This is an election year and, as such, a painfully strange time. As they do every four years, presidential candidates are racing around the country straining to endear themselves to voters on a local level, smiling warmly in Iowa farm country, effecting a preacherly lilt for religious black audiences in South Carolina. America is won, these pageants seem to say, not by uniting the masses around a candidate’s message but by stretching the candidate’s appeal out like putty. It’s been about four years since the last Macklemore and Ryan Lewis album, too, and the unlikely pop sensations’ new album This Unruly Mess I’ve Made carries all of the pandering to jibing demographics of a campaign for political office.
In the intervening space between 2012’s The Heist and This Unruly Mess, Macklemore became a father, a husband, a millionaire, and the unwitting flashpoint for a dialogue about black erasure and white visibility in minority spaces. The multi-platinum selling “Thrift Shop,” “Same Love,” and “Can’t Hold Us” boldly aimed for and landed at pop radio, trickling down to hip-hop audiences only when they became irresistible to urban station ratings. The ubiquity of The Heist’s singles aided a roundly reviled near-sweep of the hip-hop categories at the following year’s Grammy Awards. This Unruly Mess opens “Light Tunnels” revisiting the scene of the Seattle rapper’s trip to the ceremony, illuminating both the scope and untenable reach of Macklemore 2k16 in one fell swoop. This isn't so much an album as a charm offensive for everyone with reasonable gripe about the guy and his art last time around.
“Light Tunnels” spends nearly seven minutes recounting Macklemore’s 2014 Grammy experience detail by wardrobe and makeup detail, before landing, deep down in a third verse, on the heart of its message: “I got the people’s attention, don’t wanna lose it here / Thinking about my career, miserable here / But wanna make sure I’m invited next year.” You wait for the story to come to a point only to find out that the rapper’s discomfort in his own skin is the point. Similarly, the biggest pitfall of This Unruly Mess’s much discussed closer “White Privilege II,” aside from a lack of replay value, was this sense that the artist had mistaken his acknowledgment of the awkwardness of his station in hip-hop for profundity. Macklemore makes music about Macklemore’s awareness of Macklemore’s plight as famous white rapper few seem to want to be famous. This Unruly Mess trades in the post-breakthrough “fuck you” album tradition for a marathon of caring about things.
The concern here is threefold: In addition to grappling with the quirks and racial implications of the rapper’s meteoric pop celebrity, the album seeks both to sustain popularity and to make the music more palatable to a traditional hip-hop audience. Unlike Kanye West’s The Life of Pablo, which located the artist’s humanity in his dueling quests for salvation and the pleasures of the flesh, This Unruly Mess struggles to make its cross purposes pop. “Downtown” calls in old school rap legends Melle Mel, Grandmaster Caz, and Kool Moe Dee for hip-hop cred, while “Buckshot” taps KRS-One. “Brad Pitt’s Cousin” and “Dance Off” are trips back to the “Thrift Shop” novelty rap well that jarringly bookend a string of thoughtful message songs like the cautionary prescription drug dependency yarn “Kevin” and the sobriety anthem “St. Ides.”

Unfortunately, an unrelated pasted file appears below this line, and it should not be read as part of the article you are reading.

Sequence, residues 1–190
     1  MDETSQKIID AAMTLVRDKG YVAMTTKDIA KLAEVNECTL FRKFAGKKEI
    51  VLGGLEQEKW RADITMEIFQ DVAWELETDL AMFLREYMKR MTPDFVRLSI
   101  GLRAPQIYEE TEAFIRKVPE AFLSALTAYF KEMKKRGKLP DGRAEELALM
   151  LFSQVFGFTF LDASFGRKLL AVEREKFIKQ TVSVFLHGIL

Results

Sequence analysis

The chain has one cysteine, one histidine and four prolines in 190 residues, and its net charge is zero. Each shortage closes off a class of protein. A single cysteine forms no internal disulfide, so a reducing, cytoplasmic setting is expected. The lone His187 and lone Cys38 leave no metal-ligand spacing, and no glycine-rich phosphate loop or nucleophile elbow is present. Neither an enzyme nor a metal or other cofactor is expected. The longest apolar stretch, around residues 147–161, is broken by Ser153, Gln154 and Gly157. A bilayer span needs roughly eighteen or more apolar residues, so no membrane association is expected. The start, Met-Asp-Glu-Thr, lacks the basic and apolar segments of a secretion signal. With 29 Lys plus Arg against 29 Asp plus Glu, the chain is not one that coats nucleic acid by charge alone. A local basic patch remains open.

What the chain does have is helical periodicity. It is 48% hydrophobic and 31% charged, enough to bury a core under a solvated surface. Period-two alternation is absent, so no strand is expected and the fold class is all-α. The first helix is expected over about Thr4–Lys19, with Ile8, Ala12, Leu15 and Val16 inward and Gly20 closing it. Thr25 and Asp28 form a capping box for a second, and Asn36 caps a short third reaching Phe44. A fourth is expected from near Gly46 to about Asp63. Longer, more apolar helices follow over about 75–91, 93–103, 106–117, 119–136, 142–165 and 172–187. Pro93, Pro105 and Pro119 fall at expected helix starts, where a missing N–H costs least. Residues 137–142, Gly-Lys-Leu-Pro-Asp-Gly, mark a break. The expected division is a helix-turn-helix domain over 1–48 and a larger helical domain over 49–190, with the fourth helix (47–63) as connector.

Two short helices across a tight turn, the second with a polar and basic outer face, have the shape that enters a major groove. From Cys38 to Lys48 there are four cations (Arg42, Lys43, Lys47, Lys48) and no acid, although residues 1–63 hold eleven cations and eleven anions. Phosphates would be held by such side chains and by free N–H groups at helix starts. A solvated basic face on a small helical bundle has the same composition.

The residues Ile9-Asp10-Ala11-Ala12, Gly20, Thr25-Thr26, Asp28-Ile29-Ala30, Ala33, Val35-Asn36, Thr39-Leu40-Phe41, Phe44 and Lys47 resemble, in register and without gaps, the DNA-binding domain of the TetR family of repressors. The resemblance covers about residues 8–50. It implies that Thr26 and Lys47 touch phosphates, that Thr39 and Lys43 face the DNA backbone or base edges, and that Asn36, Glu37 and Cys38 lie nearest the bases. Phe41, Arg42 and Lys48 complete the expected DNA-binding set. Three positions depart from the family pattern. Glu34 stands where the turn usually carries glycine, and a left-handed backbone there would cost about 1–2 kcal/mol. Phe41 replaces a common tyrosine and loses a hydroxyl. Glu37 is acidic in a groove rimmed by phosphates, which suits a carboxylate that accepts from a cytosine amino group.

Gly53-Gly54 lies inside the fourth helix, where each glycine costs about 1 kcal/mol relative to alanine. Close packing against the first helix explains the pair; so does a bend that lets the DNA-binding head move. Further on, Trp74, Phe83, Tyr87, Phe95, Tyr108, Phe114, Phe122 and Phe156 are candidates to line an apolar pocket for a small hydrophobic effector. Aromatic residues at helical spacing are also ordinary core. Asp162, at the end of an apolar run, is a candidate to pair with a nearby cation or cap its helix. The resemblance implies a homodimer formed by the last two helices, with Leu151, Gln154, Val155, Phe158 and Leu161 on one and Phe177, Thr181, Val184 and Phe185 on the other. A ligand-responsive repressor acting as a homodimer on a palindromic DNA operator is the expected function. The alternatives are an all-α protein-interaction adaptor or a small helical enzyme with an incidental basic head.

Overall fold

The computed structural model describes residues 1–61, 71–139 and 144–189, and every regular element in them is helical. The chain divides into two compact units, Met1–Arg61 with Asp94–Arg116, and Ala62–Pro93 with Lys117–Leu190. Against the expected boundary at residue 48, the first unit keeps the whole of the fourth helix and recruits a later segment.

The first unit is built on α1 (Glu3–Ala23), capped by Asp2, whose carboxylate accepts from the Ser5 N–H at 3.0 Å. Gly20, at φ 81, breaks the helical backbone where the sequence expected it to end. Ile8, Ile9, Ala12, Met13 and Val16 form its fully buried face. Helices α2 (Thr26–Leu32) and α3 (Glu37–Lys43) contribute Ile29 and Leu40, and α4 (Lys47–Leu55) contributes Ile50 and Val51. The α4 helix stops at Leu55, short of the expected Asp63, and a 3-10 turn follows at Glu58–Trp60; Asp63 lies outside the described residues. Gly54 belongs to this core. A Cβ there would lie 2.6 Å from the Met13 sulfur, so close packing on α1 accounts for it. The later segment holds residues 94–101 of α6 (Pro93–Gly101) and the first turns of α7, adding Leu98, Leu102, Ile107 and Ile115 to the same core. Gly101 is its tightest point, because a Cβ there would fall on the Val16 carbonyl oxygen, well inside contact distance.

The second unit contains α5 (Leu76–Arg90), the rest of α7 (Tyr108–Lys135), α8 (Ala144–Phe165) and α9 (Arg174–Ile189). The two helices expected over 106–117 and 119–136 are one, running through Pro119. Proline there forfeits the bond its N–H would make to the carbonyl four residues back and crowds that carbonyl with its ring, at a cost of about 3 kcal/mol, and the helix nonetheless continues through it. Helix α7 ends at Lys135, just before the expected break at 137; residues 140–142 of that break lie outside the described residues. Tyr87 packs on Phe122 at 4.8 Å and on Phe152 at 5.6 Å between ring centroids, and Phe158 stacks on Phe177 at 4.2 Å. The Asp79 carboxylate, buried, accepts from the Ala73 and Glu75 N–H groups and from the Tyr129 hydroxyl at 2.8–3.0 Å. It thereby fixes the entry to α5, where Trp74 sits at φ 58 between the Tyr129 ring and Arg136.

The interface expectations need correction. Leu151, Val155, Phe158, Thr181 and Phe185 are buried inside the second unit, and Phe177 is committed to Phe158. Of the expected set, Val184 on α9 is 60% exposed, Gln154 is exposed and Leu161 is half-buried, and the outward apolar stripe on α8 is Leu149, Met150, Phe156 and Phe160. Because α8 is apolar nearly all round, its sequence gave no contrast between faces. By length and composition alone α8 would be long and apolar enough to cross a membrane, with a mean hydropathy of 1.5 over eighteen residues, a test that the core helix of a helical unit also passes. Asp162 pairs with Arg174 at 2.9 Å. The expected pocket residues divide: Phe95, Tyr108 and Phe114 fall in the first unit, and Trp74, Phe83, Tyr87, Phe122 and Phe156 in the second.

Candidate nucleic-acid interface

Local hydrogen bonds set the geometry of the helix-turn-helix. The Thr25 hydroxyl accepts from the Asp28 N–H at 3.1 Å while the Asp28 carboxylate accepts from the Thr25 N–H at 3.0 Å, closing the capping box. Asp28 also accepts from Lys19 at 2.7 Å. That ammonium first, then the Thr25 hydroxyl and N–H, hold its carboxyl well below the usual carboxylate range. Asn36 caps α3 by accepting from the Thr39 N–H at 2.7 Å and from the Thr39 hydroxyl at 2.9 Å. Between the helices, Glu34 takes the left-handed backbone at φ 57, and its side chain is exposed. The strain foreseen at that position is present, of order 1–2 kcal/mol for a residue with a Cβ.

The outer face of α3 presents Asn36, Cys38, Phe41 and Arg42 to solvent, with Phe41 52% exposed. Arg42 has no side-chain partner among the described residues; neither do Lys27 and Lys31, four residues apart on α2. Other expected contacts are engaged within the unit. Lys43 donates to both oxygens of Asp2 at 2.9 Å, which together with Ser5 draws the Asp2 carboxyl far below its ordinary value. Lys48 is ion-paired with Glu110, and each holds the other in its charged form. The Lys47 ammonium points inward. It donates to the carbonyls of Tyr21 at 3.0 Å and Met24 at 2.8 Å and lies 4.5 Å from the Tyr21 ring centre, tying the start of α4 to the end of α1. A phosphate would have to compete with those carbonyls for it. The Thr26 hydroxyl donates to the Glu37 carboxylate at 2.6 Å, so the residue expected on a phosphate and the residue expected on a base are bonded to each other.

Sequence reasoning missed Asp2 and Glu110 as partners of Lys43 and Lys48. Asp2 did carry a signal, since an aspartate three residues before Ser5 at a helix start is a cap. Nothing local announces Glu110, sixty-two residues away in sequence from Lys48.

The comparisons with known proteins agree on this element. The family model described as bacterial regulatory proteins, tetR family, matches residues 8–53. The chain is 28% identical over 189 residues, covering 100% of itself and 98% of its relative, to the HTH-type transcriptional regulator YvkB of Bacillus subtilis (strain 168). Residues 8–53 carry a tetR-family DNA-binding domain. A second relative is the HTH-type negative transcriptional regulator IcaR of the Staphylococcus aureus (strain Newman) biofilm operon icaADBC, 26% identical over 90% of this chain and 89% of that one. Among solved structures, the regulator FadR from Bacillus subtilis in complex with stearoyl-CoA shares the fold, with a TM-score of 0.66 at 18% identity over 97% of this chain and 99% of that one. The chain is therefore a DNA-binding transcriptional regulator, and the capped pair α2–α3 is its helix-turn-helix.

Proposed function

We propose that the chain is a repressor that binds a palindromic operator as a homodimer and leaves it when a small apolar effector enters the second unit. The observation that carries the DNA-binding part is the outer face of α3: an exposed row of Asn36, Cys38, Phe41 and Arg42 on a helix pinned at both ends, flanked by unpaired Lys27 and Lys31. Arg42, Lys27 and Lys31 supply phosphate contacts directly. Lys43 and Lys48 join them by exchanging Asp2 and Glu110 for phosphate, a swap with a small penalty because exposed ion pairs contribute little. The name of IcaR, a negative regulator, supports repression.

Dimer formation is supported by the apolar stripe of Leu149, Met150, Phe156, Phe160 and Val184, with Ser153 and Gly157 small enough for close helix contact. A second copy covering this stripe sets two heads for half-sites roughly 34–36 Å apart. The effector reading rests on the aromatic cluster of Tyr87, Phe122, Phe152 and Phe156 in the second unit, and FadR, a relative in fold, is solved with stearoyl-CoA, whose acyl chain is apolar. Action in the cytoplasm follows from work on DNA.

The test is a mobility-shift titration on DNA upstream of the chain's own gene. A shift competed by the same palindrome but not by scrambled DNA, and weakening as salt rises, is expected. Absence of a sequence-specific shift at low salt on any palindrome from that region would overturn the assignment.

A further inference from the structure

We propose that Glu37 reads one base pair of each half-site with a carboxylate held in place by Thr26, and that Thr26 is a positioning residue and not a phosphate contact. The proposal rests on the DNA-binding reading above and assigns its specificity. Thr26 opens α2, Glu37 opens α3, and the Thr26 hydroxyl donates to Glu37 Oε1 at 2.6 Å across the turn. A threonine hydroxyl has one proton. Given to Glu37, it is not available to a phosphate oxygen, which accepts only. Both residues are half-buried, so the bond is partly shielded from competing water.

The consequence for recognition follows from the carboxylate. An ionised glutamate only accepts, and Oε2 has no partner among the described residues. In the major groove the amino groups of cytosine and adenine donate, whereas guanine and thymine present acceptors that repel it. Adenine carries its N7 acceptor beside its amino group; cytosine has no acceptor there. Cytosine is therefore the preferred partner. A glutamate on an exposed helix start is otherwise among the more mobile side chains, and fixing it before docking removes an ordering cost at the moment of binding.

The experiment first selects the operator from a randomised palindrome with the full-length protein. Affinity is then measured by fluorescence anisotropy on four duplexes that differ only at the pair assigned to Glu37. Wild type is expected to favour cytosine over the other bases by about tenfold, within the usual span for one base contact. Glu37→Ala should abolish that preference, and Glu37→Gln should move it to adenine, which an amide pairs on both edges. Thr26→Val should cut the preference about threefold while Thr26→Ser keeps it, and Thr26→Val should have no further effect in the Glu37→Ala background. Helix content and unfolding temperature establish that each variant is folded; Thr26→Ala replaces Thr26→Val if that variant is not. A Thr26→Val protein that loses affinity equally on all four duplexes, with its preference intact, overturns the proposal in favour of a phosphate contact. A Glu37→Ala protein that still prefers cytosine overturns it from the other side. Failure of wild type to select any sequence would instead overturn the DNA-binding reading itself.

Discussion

Macklemore succeeds best when he stops trying to save the world with a song and finds a balance between grand social consciousness and white guilt tinged navel gazing. It was a natural slackjawed earnestness that carried The Heist’s singles, not the heavy-handed concepts it was affixed to, and when This Unruly Mess mines that charm, it finally produces songs worth the fuss surrounding artist and album. “St. Ides” looks back on a life and city both irrevocably changed by time, letting the warmth of the reminiscence deliver the message where elsewhere he might opt to sermonize. “Bolo Tie” is the rare flash of retaliatory anger you have to imagine the rapper has been harboring for his harshest critics all these years, a welcome respite from Macklemore’s judicious even-handedness. An album of these -- or an album of the good-hearted but bumbled politics of “Kevin” or an album of the shamelessly corny crossover pop of “Brad Pitt’s Cousin” or an album of the golden era rap fan service of “Buckshot” -- would’ve been the brash move. But in chasing all these irreconcilable urges, in trying to please everyone at once, This Unruly Mess all too often lives up to its name.
It is the rare white rapper that achieves nationwide fame first and then cycles back to seek the approval of the black community. You used to have to be one of the illest alive to claim a place in hip-hop, long a predominately black and Latin inner city space. But now that the reach of the music greatly exceeds the boundaries of the neighborhoods that first created it, hip-hop is taking strange (sometimes awful) shapes and paths. The meteoric success of Macklemore and Ryan Lewis is a terrifying bookend to the rise of Eminem at Dr. Dre’s side at the end of the 20th Century in that it presents a way forward for music that doesn’t speak to or necessarily even come through the hood. This Unruly Mess I’ve Made is palatable where it is because Macklemore is so deeply aware of the machinery of race in America. However, it is not a safe assumption that whoever comes next will bother.
Craig really likes "Kevin" though. Follow him on Twitter.